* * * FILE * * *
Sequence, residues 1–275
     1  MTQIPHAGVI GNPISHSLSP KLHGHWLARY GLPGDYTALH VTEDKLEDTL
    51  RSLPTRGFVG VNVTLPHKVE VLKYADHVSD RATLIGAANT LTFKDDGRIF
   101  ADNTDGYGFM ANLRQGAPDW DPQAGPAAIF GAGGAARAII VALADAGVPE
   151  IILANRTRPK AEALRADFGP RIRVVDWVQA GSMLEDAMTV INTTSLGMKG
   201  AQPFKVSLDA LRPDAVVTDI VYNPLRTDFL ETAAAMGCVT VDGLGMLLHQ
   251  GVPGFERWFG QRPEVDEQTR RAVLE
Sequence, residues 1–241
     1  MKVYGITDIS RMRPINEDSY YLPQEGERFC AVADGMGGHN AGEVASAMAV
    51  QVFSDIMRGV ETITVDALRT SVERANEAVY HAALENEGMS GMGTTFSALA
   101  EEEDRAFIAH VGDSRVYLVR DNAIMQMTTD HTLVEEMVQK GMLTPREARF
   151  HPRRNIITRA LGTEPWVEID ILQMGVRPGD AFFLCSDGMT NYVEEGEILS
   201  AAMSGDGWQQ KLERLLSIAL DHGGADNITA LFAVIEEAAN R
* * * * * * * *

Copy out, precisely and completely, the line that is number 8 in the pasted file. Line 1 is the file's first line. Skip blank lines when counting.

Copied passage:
Sequence, residues 1–241